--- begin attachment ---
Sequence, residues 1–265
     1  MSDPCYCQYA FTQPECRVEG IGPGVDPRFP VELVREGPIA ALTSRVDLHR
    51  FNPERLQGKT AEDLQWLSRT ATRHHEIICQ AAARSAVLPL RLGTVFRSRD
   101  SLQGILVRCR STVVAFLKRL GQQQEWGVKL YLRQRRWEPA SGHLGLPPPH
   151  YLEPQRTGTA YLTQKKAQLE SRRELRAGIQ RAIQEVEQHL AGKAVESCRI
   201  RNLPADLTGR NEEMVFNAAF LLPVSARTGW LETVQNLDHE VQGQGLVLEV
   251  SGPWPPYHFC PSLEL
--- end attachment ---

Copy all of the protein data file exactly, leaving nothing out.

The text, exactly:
Sequence, residues 1–265
     1  MSDPCYCQYA FTQPECRVEG IGPGVDPRFP VELVREGPIA ALTSRVDLHR
    51  FNPERLQGKT AEDLQWLSRT ATRHHEIICQ AAARSAVLPL RLGTVFRSRD
   101  SLQGILVRCR STVVAFLKRL GQQQEWGVKL YLRQRRWEPA SGHLGLPPPH
   151  YLEPQRTGTA YLTQKKAQLE SRRELRAGIQ RAIQEVEQHL AGKAVESCRI
   201  RNLPADLTGR NEEMVFNAAF LLPVSARTGW LETVQNLDHE VQGQGLVLEV
   251  SGPWPPYHFC PSLEL